Expressed as a percentage, the ratio is a comparison of the operating cash flow of the company to its net revenues or sales, which would essentially give investors an idea as to the capacity of the company to convert sales to cash. This indicator would show any positive or negative variation in the terms of sale, as well as the collection experience pertaining to the accounts receivable of the company. OCF/Sales Ratio is calculated by dividing the operating cash flow to the Net sales/revenue.

OCF/ Sales ratio for Sony Corp.

Net Sales for 2011 (Yen in millions) = 6,304,401

Net Sales for 2012 (Yen in millions) = 5,526,611

Net Sales for 2013 (Yen in millions) = 5,691,216

Operating cash flow for 2011 (yen in Millions) = 616,245

Operating cash flow for 2012 (yen in Millions) = 519,539

Operating cash flow for 2013 (yen in Millions) = 481,512

Sony Corp. OCF/ Sales ratio for 2011 = 616,245/ 6,304,401 = 0.0977 = 9.8%

Sony Corp. OCF Sales ratio for 2012 = 519,539/5,526,611 = 0.09400 = 9.4%

Sony Corp. OCF Sales ratio for 2013 = 481,512/5,691,216= 0.0846 = 8.46%

It is well acknowledged that a higher operating cash flow would be more preferable. However, there exists no standard guideline as to the operating cash flow/ sales ratio. This, nevertheless, does not undermine the act that the capacity of a company to create consistent, as well as improving percentage comparisons amount to positive investment qualities. An evaluation of the Operating cash flow/ sales ratio of Sony corp. over the last three financial years indicates that there has been a consistent gradual drop in the operating cash flow/ sales ratio from 9.8% through 9.4% to 8.46% for the financial years 2011, 2012 and 2013 respectively. This, in essence, means that there has been a reduction in the capacity of the company to turn its sales to cash, in which case it would be imperative that the company reevaluates its revenue collection structures.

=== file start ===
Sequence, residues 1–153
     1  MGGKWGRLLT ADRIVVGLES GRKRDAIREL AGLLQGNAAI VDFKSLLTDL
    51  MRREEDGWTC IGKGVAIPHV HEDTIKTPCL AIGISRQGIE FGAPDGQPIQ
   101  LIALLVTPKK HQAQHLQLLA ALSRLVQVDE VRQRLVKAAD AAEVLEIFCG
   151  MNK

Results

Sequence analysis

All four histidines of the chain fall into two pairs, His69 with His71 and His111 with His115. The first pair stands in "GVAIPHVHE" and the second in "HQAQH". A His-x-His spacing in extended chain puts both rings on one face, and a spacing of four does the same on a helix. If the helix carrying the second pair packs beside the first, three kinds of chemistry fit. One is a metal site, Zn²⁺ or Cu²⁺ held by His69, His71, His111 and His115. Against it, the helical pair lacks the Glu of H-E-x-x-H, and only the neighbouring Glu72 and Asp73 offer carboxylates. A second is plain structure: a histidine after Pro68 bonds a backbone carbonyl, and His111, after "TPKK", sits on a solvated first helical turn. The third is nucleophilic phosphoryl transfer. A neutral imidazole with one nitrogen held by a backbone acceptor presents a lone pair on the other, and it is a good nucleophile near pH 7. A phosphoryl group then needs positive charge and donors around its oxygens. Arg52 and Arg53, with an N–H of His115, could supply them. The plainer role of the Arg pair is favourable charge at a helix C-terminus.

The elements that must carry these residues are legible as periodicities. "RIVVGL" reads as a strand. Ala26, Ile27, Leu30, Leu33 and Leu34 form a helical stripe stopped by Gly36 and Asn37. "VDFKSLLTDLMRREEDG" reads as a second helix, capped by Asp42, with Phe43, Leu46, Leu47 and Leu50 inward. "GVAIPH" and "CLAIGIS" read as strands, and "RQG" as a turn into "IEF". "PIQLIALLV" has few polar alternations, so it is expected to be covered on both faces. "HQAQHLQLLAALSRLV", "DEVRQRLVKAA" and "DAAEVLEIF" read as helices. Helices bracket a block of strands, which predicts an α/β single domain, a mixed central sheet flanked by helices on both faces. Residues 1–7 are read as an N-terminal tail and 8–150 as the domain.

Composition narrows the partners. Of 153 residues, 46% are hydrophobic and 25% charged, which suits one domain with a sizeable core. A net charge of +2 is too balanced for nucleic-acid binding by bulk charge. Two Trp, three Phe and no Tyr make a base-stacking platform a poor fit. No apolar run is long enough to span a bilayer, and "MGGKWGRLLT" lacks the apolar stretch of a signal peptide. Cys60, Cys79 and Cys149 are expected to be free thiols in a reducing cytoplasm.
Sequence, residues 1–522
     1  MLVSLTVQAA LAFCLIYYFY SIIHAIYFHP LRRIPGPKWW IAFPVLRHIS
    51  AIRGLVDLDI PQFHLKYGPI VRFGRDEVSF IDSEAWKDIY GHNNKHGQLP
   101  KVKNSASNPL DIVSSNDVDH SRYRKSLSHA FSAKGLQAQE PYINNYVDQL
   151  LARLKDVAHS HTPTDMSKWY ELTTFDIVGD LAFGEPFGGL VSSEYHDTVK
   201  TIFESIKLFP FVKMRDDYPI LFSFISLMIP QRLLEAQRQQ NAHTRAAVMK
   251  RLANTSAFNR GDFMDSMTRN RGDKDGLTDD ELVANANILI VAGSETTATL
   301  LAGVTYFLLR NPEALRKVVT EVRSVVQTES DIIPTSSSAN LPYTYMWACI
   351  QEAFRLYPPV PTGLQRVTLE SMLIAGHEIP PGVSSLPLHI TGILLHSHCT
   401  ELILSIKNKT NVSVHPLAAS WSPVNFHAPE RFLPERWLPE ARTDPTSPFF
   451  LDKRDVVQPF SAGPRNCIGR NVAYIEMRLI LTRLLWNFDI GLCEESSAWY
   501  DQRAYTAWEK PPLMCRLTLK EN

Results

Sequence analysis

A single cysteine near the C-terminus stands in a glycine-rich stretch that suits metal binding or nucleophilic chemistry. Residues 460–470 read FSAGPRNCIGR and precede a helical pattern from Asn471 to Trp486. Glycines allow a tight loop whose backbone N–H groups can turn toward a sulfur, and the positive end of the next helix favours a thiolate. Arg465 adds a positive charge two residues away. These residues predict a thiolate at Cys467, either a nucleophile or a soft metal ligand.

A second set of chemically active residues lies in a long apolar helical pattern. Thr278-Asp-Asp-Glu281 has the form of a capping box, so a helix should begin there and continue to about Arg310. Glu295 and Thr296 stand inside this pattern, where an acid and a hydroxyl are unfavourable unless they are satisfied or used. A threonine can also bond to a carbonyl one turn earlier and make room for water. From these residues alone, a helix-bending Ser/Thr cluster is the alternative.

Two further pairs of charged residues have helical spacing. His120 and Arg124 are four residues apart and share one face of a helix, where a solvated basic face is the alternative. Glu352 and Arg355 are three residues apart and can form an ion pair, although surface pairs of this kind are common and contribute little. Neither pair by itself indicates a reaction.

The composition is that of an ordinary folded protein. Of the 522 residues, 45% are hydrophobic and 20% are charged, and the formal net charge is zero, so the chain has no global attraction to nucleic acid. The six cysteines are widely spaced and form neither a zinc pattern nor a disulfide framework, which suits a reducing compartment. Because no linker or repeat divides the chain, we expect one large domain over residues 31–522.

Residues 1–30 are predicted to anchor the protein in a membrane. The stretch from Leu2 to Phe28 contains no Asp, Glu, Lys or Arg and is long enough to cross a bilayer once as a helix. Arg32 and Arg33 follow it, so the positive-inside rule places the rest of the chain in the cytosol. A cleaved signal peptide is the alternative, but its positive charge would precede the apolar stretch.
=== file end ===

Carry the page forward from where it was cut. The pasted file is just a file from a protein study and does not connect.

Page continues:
Accounts receivable

Accounts receivable refers to the amounts that a business entity’s customers owe it and are composed of a likely large number of invoiced amounts. They make up the primary or main source of incoming cash flow for a large number of businesses, in which case analysts should have the capacity to analyze the invoices in aggregate so as to ascertain or evaluate how healthy the predisposing or underlying cash flows are.

Varied methods may be used in evaluating the accounts receivable, one of which is the accounts receivable turnover. This refers to the ratio of a business’ net credit sales to the average accounts receivable in the course of a given period, which is often a financial year. It underlines an activity ratio that carries out an estimate of the number of times that a business collects the average accounts receivable balance within a certain period. The calculation of accounts receivable turnover involves the following formula.

Receivables turnover = Net credit sales/average account receivables

Accounts receivable for Sony Corp for 2012 (yen in millions) = 840,924

Accounts receivable for Sony Corp for 2013 (Yen in millions) = 844,117

Net credit sales for Sony Corp. for 2012 (yen in millions) = 5,526,611

Net credit sales for Sony Corp. for 2013 (yen in millions) = 5,691,216

Accounts receivable turnover for Sony corp. in 2013 = 5691216/ {(844,117+840,924)/2)= 5691216/842520.5= 6.7549